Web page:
On May 22, 2022, I began an experiment. I unplugged everything in my apartment, with the goal of drawing zero power from the electric grid for one month. I had no idea how I would make it past a few days.
Nevertheless, I opened the main circuit, disconnecting my apartment from the grid and committing myself to solving what problems arose as they came. As I type these words in January, I’m in my eighth month. My Con-Ed bills continue to show zero kilowatt-hours.
Ars Technica readers undoubtedly want to know about my equipment. We’ll get there, but first let me share my history, motivation, and constraints.
Why would I do this?
Today, more than half the world lives in cities. I’ve always thought that living “off the grid” meant living “off in the woods,” where you can live simply and set up an alternate power source. But I’m a professional in Manhattan and need to earn a living. I have to meet the expectations of professional service from my clients and from New York University, where I teach leadership and entrepreneurship. Before this experiment, I didn’t believe my lifestyle would let me disconnect from the grid for a day, let alone longer.
But that sort of thinking was in tension with my work. Over the years, I have helped leaders in business, politics, and other fields learn to lead on sustainability. These leaders can then change their organizations’ and constituencies’ cultures and practices to embrace sustainability. Even though corporate and individual choices matter more than those of any individual, I was still curious to see if I could make my own practices more sustainable. Personal responsibility matters to me, so polluting less motivates me; it’s a small thing, but one I can control, even if it’s important to make policy and political changes, too.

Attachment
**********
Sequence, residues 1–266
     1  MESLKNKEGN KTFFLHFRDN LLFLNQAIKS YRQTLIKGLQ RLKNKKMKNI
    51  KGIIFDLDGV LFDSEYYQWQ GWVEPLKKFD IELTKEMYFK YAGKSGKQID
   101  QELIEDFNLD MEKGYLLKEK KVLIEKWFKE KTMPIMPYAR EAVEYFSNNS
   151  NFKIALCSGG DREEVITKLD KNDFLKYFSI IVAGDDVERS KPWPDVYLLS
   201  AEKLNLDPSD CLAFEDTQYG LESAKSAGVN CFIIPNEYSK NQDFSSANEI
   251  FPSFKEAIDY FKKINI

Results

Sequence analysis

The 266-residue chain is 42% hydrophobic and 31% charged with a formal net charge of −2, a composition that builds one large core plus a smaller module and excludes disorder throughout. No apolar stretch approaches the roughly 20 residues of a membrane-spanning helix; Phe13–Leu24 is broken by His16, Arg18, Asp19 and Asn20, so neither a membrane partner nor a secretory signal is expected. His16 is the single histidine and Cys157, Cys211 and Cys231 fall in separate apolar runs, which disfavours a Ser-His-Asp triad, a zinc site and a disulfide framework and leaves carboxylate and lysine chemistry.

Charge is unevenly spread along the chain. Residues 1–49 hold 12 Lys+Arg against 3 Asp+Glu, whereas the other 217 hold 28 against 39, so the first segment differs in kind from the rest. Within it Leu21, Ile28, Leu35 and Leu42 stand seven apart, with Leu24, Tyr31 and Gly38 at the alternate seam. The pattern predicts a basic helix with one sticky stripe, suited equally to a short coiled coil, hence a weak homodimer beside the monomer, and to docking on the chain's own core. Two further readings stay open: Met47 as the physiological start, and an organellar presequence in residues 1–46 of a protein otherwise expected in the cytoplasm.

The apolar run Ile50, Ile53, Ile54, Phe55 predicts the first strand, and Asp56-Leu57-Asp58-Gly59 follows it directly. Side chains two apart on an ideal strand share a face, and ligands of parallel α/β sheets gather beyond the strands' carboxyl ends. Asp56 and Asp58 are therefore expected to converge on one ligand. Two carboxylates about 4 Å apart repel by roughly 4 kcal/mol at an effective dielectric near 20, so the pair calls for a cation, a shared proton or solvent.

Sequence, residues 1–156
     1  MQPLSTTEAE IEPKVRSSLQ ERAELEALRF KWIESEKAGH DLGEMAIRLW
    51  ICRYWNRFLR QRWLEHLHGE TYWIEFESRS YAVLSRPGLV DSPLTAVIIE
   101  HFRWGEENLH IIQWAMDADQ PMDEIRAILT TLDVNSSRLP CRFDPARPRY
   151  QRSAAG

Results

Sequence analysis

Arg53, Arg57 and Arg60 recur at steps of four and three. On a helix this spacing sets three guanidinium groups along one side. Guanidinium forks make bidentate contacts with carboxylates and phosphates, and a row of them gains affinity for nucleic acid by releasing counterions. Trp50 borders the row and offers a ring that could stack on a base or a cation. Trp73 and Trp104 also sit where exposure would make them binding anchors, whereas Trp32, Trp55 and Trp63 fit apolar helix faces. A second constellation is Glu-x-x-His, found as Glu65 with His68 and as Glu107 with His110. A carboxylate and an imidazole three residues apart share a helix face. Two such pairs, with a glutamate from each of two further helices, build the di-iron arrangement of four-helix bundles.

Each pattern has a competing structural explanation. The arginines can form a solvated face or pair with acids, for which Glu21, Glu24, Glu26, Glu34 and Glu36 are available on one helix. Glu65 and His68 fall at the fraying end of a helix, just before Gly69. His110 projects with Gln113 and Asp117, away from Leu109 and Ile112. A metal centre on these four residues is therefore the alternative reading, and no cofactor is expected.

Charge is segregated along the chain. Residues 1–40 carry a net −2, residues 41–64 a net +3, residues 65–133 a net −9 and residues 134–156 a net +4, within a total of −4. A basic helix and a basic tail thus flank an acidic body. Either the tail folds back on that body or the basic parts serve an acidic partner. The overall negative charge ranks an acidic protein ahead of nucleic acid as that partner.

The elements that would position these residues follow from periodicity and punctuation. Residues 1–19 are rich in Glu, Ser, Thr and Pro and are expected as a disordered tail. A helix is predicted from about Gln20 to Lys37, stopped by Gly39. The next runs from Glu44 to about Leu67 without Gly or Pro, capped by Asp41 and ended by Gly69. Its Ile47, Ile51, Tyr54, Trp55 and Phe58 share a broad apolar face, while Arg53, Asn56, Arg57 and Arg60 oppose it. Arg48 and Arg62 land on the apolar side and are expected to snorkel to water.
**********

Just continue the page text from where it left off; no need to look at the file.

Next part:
And I wanted to see easy (or difficult) this might be for other city dwellers—both to help with sustainability and with utility bills. The Wright brothers didn’t need to make a 747 or a global network of airports to show that controlled powered flight had potential. Showing success once created the mindset shift that led to a process of continual improvement among innovators, which did the rest. So who knows? Perhaps my story will inspire a few innovators (maybe even you!).
In addition to the obvious benefits that reduced power reduced consumption brings, there’s also the issue of grid resilience. If everyone could stand a few days without grid power, we could build grids that aren’t made for 99.9 percent uptime but for 95 percent or lower uptime (with dedicated power for essential services like hospitals, police, and subways). At some level of local resilience, we could power cities exclusively with solar and wind despite their intermittency, with much lower battery needs.
I started my personal sustainability drive almost accidentally, when I challenged myself to avoid packaged food for a week. I expected deprivation and sacrifice from avoiding Manhattan’s abundant food options. If I’m honest, part of me hoped to find the challenge untenable so I could say the cure was worse than the disease and give up.
But constraints breed creativity. I learned to cook from scratch, which led to more of what I valued in food: flavor, variety, convenience, nutrition, and socializing, while lowering costs and pollution.
The unexpectedly rewarding results motivated me to keep going. I avoided flying for a year and experimented with unplugging my fridge. By May 2022, when I decided to disconnect completely, I hadn’t filled a load of trash since 2019, hadn’t flown since 2016, had unplugged my fridge for eight months, and had electric bills consistently under $2 (not counting fixed connection charges of about $18).
Read More: I disconnected from the electric grid for 8 months—in Manhattan